SINGAPORE - Companies here been markedly quicker to settle their bills in the second quarter of this year, in a reversal from the first three months of the year, a report released Wednesday by the Singapore Commercial Credit Bureau (SCCB) shows.
In April to May, prompt payments rose by 9.43 percentage points to 48.47 per cent from 39.04 per cent in the first quarter of the year, according to the SCCB's quarterly payment performance report.
SCCB said the latest figure marks the second highest reading within a year when prompt payments were at a one-year high of 50.07 per cent in Q4 2014.
Partial payments increased marginally by 0.63 percentage points to 10.18 per cent in Q2 from the previous three months, while slow payments fell by 10.06 percentage points to 41.35 per cent.
A payment of at least 90 per cent of total bills within the agreed payment terms is considered prompt. A slow payment occurs when more than 50 per cent of total bills are paid later than the agreed credit terms.
The figures were compiled by D&B Singapore, which monitors more than 1.6 million payment transactions of firms operating through the SCCB.
The improvement in payment performance occurred in all five sectors that the SCCB monitors: construction, manufacturing, retail, services and wholesale sectors.
Ms Audrey Chia, D&B Singapore's chief executive officer, said the improvement in payment speed was indicative of improved cashflows of firms and their ability to meet their debt obligations.
However the improvement in payment speed differed across sectors, she said. Half of the payment transactions in manufacturing and retailing were still delayed in Q2.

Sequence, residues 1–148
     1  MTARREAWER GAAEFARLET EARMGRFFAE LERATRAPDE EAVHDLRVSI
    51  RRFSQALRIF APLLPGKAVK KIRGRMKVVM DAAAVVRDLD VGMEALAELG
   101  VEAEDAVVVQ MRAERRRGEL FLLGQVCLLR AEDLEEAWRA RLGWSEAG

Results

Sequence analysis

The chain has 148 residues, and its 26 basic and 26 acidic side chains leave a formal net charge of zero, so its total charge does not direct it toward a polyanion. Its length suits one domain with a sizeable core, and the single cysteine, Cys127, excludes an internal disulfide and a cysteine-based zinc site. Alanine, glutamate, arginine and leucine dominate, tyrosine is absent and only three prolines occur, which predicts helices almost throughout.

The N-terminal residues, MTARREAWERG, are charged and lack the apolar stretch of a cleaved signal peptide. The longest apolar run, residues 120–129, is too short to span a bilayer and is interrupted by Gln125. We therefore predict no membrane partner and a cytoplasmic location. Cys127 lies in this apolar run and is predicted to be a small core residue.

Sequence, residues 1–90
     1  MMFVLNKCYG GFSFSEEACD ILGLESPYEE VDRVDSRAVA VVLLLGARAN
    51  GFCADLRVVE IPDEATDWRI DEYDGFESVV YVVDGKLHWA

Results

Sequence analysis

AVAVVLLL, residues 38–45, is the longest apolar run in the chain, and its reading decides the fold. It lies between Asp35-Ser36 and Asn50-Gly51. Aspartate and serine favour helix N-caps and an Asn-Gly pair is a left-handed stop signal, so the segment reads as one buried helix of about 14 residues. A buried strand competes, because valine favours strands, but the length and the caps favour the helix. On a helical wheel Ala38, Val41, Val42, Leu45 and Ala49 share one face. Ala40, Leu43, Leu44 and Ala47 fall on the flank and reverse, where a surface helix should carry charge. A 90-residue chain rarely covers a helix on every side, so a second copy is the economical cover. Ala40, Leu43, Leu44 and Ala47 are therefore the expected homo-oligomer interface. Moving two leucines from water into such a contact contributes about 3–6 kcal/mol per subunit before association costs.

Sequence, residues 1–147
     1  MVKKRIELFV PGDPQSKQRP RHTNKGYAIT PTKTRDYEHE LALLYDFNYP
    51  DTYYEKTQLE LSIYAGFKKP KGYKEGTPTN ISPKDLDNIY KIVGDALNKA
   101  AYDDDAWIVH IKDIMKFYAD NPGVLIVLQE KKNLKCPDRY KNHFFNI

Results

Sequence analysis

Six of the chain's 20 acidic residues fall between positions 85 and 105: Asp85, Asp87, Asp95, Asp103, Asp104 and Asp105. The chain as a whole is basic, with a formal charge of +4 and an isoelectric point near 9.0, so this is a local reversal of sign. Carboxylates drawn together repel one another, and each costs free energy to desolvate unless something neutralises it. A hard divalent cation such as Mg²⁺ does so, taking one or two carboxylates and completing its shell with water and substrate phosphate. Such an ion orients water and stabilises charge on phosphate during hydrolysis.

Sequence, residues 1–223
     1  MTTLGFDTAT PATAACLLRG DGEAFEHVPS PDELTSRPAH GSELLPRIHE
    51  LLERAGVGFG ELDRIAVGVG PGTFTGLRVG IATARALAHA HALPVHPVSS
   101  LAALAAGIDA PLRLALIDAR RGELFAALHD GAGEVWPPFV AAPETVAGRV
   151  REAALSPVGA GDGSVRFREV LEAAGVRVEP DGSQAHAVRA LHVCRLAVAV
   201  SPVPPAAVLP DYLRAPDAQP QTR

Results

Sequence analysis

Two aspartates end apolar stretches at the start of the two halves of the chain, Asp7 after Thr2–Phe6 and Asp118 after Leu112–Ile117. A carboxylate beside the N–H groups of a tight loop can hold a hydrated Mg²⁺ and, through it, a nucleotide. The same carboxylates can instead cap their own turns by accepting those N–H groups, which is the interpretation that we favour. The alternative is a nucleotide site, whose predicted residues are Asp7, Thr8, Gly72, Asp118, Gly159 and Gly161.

"We found (that) manufacturers and retailers (are) experiencing only a marginal decrease in payment delays. Incidentally, these were also the only two sectors which had more than half of their payment transactions delayed in Q2," she said.
For the second consecutive quarter, the manufacturing sector recorded the highest proportion of slow payments which has remained almost unchanged in Q2 2015, around 53 per cent. But on a year-on-year (y-o-y) basis, payment delays in the sector have surged by 10.49 percentage points to 53.05 per cent in Q2 2015 from 42.56 per cent in Q2 2014.
SCCB noted that as consumer spending and retail expenditure continued to ease, retailers of food and beverage and general merchandise goods recorded the largest increase in slow payments.
Looking ahead, Ms Chia warned that it was unclear if the general uptrend would continue into the rest of the year.
"Moreover, the improvements in payment performance were due to cyclical upswings in certain sectors," she said. "It would be prudent for firms to take into account any seasonal fluctuations in managing risks and planning for their cashflows."